McGill students invent 'unfrozen' ice cream
Jordan Chittley, CTVNews.ca
Published Thursday, July 10, 2014 6:12PM EDT
Last Updated Thursday, July 10, 2014 6:42PM EDT
Looking for a cool treat on a hot summer day? Soon you may not have to open the freezer door, you’ll just have to look on your pantry shelf.
That’s because a team of McGill students have invented ice cream that can be stored at room temperature. The team of 16 people from the Food and Science program developed what they are calling Frisson, which means “shiver” in French.
“We tried to come up with a vegan sorbet that had a really nice texture and we came up with a new stabilizer,” team member Jonathan Khouzam told CTV Montreal. “Once we saw that we were on to something that was actually delicious…it was a really exciting time.”
The product isn’t available yet, but if it hits grocery stores, it won’t be stored in the frozen section. Frisson also won’t melt if you take too long to get home from the grocery store nor will it take up precious space in your freezer.
Here’s how Frisson works: Open the lid to let some air in, give it a shake and put it in the freezer. In a couple of hours Frisson is ready to eat. When the seal is broken, nitrous oxide stored inside the packaging will activate and as it freezes tiny bubbles form in the mixture to create the texture.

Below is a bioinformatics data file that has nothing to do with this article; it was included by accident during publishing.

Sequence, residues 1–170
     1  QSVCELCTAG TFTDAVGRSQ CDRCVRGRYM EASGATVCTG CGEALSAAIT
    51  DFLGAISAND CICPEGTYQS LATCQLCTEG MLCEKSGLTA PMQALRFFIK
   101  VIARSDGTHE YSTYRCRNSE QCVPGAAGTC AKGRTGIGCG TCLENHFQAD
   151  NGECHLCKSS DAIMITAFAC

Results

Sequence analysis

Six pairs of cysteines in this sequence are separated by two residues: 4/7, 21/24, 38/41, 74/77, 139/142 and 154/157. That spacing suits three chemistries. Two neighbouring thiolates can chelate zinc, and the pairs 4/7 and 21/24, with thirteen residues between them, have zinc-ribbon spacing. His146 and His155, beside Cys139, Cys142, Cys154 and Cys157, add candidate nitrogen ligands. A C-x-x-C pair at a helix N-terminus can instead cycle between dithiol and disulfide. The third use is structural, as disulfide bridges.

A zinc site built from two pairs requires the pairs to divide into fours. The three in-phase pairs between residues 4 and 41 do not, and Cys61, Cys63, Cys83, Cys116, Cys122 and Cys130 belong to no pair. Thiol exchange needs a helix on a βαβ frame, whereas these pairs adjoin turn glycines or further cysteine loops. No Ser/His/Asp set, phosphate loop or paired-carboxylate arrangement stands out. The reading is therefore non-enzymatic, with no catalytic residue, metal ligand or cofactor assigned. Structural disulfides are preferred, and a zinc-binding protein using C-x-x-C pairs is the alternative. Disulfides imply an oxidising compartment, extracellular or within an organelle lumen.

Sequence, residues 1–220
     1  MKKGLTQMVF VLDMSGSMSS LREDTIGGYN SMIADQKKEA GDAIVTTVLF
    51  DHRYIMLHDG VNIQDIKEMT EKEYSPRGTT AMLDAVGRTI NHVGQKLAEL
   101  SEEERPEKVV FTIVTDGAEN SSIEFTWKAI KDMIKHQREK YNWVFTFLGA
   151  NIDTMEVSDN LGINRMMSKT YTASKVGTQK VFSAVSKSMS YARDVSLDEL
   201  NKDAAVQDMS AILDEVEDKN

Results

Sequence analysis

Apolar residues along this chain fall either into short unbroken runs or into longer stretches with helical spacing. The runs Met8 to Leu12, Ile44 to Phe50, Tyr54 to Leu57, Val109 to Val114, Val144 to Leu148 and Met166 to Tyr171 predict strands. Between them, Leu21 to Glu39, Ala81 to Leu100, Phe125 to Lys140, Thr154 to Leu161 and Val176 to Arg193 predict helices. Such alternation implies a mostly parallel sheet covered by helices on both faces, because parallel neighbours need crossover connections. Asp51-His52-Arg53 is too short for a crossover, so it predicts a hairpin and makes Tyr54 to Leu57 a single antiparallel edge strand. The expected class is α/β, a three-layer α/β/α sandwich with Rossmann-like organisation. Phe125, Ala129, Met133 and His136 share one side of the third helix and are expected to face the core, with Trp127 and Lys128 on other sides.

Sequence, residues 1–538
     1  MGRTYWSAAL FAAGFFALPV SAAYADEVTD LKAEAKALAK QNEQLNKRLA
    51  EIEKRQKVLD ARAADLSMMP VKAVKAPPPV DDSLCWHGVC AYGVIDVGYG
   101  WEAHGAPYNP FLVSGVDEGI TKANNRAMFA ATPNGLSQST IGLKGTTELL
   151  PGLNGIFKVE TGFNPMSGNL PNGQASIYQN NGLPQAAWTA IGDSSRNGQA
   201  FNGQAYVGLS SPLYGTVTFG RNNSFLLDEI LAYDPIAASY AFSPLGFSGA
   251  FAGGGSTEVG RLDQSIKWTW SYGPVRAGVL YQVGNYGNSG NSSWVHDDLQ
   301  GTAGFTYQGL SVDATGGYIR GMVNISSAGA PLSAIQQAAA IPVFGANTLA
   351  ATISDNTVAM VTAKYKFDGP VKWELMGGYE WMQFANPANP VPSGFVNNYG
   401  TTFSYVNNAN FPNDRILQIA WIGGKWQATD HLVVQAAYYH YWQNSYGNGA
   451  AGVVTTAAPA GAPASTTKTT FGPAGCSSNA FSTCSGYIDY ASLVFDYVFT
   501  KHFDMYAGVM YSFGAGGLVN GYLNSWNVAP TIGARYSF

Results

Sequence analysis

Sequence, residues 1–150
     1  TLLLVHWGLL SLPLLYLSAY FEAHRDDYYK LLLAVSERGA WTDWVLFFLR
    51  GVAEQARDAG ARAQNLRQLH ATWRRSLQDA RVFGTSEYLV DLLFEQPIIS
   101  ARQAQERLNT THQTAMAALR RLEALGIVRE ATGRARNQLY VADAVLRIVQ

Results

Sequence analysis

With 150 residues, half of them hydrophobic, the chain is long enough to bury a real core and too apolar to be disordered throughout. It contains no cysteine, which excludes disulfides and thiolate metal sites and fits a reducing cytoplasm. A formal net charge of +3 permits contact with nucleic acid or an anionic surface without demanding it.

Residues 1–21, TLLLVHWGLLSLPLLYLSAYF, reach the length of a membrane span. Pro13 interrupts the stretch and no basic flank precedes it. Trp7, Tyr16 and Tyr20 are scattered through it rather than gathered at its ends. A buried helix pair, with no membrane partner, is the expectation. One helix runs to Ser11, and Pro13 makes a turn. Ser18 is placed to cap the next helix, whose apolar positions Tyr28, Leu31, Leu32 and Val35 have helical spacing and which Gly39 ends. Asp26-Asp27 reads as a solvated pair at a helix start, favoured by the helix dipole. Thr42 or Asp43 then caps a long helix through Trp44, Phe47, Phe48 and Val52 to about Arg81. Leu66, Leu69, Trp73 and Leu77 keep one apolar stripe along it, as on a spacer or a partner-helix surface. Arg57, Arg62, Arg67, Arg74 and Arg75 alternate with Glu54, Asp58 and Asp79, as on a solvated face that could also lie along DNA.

“We’ve used a complex combination of different ingredients in our product, so that when you freeze it, it will not just become a block of ice,” team leader Karine Paradis told the McGill Reporter. “It has the smooth texture that you want when you eat ice cream.”
And for those health-conscious consumers, Frisson is healthier than most ice creams. The treat that comes in hibiscus and ginger or almond and pistachio is vegan, dairy-free, gluten-free, contains zero cholesterol and is high in fibre.
“We wanted to target people who can’t have those treats because they have intolerance,” Paradis told CTV Montreal. “It’s perfect for people who can’t eat dairy.”
The invention began as a project for an undergraduate course last Fall and went on to finish third in the Institute of Food technologists Students’ Association annual Food Product Development Competition a few weeks ago in New Orleans. It’s the first time in more than 25 years that a Canadian team has been selected to participate.
“We felt like we got the respect of the other universities, they were scared of us when they saw the product,” Paradis told CTV Montreal.
The strong showing doesn’t come with any guarantees Frisson will make it to market, but Paradis is optimistic.
“Frisson should be very interesting for some of the major players in the market because we have a frozen product that doesn’t need any refrigeration equipment – which is where the vast majority of energy is expanded by companies making frozen foods,” she told the Reporter.